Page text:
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From a plot standpoint, events are naturally condensed into a more breezy timeline, and some exposition is lost. What I love about this from a cinematic standpoint is that while the book feels the odd need to refresh us on many, many things (opening with the line "Harry Potter was a highly unusual boy in many ways.", in case we were not aware), the film can just sort of assume that we will pick it up as we go along, if we don't know already.

The film removes the extended subplot wherein Harry receives a Firebolt (a fancy Quidditch broom) anonymously, and Hermione reports it to Professor McGonagall, suspecting it might be from Sirius Black. This causes an extended rift between Hermione and Harry/Ron which lasts nearly half the book. The argument between Ron and Hermione about Crookshanks's pursuit of Scabbers is much less touched-upon.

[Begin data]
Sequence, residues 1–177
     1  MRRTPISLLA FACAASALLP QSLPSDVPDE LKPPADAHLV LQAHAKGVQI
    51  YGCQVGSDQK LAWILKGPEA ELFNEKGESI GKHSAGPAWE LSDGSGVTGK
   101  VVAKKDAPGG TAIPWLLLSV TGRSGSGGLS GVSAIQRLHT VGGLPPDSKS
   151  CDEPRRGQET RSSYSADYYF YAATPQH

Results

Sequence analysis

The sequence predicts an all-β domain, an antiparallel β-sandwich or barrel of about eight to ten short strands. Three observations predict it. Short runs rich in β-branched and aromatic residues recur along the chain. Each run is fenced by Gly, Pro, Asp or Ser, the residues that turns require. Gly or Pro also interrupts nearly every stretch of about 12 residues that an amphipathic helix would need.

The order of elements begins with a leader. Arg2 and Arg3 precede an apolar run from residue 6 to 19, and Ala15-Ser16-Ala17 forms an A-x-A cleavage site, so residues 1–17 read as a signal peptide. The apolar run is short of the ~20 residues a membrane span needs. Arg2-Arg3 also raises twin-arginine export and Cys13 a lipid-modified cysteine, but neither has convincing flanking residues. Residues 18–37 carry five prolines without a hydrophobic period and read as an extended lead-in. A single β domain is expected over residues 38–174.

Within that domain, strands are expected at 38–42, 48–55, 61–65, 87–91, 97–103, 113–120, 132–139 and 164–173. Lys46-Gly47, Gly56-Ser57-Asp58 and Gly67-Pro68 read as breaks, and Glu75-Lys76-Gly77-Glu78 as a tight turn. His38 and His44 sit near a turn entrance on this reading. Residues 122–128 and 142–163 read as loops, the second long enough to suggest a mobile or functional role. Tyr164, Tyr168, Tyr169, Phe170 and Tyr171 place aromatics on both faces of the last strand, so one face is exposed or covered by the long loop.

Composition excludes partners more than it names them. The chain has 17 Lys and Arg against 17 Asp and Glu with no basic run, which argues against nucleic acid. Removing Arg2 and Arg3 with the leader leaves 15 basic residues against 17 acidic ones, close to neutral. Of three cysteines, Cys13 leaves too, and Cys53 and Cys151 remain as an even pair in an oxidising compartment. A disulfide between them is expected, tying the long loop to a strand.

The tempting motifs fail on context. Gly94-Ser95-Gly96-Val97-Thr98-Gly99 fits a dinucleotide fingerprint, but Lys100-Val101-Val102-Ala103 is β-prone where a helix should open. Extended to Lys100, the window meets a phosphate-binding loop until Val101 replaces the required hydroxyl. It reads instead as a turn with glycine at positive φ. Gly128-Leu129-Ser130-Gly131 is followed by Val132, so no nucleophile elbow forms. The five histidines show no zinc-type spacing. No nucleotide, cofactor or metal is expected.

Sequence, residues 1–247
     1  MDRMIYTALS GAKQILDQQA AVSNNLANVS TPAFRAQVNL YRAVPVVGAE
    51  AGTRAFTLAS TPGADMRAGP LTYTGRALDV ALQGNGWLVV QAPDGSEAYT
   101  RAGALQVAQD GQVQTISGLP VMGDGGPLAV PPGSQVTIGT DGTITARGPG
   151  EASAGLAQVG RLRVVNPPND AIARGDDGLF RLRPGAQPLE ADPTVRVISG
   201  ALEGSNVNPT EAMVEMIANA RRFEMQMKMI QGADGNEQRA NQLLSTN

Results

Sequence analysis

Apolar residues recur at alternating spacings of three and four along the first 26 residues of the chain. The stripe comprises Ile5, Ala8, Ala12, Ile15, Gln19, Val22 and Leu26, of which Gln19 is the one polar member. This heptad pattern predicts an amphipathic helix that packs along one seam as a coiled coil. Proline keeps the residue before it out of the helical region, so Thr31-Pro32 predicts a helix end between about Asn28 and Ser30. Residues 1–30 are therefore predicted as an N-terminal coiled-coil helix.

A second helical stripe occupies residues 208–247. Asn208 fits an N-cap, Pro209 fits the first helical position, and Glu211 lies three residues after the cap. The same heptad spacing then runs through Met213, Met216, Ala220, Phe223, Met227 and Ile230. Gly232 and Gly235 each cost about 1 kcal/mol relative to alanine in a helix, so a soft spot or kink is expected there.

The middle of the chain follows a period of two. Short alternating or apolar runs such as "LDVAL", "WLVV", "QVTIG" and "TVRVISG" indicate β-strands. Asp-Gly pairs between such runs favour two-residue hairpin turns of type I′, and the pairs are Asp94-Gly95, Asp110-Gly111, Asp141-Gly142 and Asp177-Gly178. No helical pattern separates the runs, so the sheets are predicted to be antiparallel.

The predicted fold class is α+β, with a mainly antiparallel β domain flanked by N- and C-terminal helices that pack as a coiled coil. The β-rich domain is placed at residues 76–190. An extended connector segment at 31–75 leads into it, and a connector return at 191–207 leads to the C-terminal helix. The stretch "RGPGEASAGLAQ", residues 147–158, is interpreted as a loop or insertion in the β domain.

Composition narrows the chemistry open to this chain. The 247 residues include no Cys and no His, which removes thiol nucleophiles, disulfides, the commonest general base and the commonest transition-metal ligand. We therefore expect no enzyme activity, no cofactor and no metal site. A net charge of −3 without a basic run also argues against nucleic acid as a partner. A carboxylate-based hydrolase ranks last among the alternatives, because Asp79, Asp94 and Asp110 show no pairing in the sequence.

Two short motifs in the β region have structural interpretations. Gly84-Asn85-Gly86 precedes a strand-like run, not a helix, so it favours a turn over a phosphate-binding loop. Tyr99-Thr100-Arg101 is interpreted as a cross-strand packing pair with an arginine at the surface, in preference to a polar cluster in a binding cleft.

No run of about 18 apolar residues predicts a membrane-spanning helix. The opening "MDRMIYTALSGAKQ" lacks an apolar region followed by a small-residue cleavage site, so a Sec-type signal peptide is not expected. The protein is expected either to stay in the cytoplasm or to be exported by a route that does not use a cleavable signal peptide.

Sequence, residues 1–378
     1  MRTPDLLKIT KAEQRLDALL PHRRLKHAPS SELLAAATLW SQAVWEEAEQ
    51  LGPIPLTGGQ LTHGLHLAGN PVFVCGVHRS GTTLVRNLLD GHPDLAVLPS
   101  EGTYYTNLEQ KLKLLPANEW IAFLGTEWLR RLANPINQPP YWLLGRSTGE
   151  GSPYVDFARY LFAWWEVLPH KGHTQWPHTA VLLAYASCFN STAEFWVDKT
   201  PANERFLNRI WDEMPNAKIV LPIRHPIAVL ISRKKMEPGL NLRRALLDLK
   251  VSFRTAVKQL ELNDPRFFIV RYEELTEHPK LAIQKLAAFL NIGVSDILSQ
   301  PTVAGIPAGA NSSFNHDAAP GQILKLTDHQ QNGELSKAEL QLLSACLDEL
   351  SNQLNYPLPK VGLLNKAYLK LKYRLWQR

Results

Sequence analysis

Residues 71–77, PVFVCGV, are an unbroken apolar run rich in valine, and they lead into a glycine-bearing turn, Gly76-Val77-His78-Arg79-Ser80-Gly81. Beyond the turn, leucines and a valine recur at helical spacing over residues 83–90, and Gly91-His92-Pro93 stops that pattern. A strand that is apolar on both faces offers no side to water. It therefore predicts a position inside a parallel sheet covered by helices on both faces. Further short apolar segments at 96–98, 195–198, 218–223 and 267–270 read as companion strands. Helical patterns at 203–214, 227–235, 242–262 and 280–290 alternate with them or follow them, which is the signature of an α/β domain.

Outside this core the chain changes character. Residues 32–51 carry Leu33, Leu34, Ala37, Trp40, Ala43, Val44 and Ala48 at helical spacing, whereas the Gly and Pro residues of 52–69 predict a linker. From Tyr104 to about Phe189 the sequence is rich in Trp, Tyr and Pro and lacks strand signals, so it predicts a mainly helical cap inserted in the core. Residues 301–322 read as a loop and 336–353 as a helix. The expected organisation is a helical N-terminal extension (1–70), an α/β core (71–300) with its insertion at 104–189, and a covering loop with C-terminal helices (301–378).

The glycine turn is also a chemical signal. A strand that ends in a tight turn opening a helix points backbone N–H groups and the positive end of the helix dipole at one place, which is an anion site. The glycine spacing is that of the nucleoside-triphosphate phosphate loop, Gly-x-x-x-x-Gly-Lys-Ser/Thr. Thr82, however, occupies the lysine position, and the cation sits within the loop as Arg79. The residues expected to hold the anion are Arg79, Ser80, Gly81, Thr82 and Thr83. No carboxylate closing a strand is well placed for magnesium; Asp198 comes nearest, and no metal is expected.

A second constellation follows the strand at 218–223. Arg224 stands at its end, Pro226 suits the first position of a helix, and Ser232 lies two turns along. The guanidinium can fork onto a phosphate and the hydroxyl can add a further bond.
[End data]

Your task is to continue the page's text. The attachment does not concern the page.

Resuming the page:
Perhaps now that the three leads were finally old enough to start developing an onscreen rapport, it was decided not to split them up as much as the book does (Kloves also loves Hermione more than Ron, and wouldn't want to write her out very much. More on this later).

The final major thing left out is the explanation of exactly how Sirius Black betrayed the Potters, what the Fidelius Charm is, and so on. This is seemingly the beginning of a trend in which major plot points are just left unexplained in later films (which never bother me, since I've read the books now).


Before the great feast to start the term we're treated to a performance of a chorus of children holding toads, singing the words from the opening three witches scene of Shakespeare's MacBeth. Were they practicing all summer for that or something?

The burgeoning and inevitable relationship between Ron and Hermione is planted in the films earlier, with a furtive hand-clasp during the hippogriff class. This is in addition to an awkward aborted hug in film 2.